Hues of Sanjay Leela Bhansali’s SAAWARIYA

Sanjay Leela Bhansali’s Saawariya (2007) is about loneliness and longing, based on Fyodor Dostoevsky’s short story “White Nights”. It’s an epic ballad about anticipation and participation in love, making an artistically compelling visual treat. Ravi K. Chandran‘s meticulous masterstroke in creating picturesque frames remain unappreciated.

In the opening sequence itself, Bhansali makes clear that it’s about an angel – hence, Saawariya is a fairytale depending upon how one subjectively undertakes the tossed elements. “Realism is an illusion”, said Bhansali somewhere near the release, it befits to the film which stands as a symbolism to the illusion of selfless love and longing. While characters are seen longing for their dear ones, Sakina for Imaan, Sakina’s Mother for Husband, Prostitutes for an Angel and Ranbir Raj for Sakina – the colour blue coordinates faith and heaven of love to create a soothing effect out of the heart aching longings.

In between, we witness hue of green over Ranbir Raj’s sequences which denote the ambitious love as well as jealousy towards Imaan (which also means faith). Tragically, his faith towards love is hanging over a bridge with the anticipation of Imaan’s arrival. When Sakina beats the dust out of the rugs when she falls into love with Imaan, the golden light is the only rightful bliss moment in the gloomy film. Sanjay Leela Bhansali knows the importance of the colours to the core, hence, the colours meticulously symbolise love, longing and loneliness.

What takes down Saawariya is the excessive duration and screenplay in terms of dialogues which don’t essentially work due to its old-charm. While the poetic soundtrack soothes the narrative, “White Nights” transformed into an extravagant Indian Musical in a simple manner. With all its colours and dramatic weather (rainstorms and snow), it just ends up being an enchanting visual treat and never thunders the viewing.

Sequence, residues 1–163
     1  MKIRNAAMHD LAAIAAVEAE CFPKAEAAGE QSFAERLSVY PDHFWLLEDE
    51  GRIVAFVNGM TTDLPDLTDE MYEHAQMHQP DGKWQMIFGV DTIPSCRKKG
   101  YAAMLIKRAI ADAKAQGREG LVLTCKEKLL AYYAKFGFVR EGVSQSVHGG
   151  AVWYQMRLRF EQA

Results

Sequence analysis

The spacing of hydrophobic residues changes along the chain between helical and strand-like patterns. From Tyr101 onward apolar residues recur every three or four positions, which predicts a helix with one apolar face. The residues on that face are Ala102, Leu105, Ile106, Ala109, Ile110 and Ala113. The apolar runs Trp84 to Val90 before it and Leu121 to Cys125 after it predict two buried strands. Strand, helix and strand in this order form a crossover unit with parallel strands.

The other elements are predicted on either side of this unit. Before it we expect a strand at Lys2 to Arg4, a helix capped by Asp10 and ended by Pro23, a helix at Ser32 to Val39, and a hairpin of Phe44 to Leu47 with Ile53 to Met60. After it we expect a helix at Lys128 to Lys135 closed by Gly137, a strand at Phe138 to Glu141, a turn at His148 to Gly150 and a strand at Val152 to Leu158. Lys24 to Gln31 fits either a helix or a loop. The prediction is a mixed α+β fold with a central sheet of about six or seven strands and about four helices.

Saawariya is an illusion, unfortunately it stands close to Dostoevsky’s story and doesn’t cater to the commercial elements and commerce (in Bollywood style) which seems to be one of the reason, the film didn’t crawl up apart from its clash with Shahrukh Khan’s Om Shanti Om.


Copyright ©2018 Ninad Kulkarni. This article may not be reproduced in its entirety without permission. A link to this URL, instead, would be appreciated.


7 thoughts on “Hues of Sanjay Leela Bhansali’s SAAWARIYA

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  1. One thing I want to make clearer is, the green color probably stresses on Iman’s (his name sounds so close to Imam!) religious angle. He adds some spiritual heft to the story, the first time we see him, he has knelt in Namaz. Plus, he is like that unattainable goal for Sakina, who pines away with a strong ‘Meera’esque touch (She even sings a song about him, Thode Badmaash, refers to him as ‘Mera imaan, meri jaan, mera maan ho tum’. Even though she refers to Raj as ‘Mere bhagwaan’, we know whom she worships). In the last scene, she is with Raj, and the background is filled with blue, but when she hears Iman’s voice and runs away, we see brightly painted blue walls. She melds from Raj’s world into Iman’s. (That scene where Iman leaves her practically looks like being shot before a green screen. Pun intended.)
    Thank you for such a lovely post on Saawariya.


    1. The probability seems true given the nature of color psychology, I feel so bright looking back at SLB’s Saawariya in his Padmaavat year. Saawariya is new found love, although loved it in its first viewing 6 years back – it keeps giving new angles like the one you mentioned.


      1. I watched it this year, after a friend claimed he fell asleep in the first fifteen minutes. I understood why. Bhansali is so singularly consumed by his vision (some call it vanity) – and that is really bleak. It’s so cold and heartbreaking.

        Liked by 1 person

      2. Vanity! Maybe, Saawariya exists in an ultimate moment for those with soulful hearts. I’ve often come across such souls and cinephiles when it comes to Saawariya!


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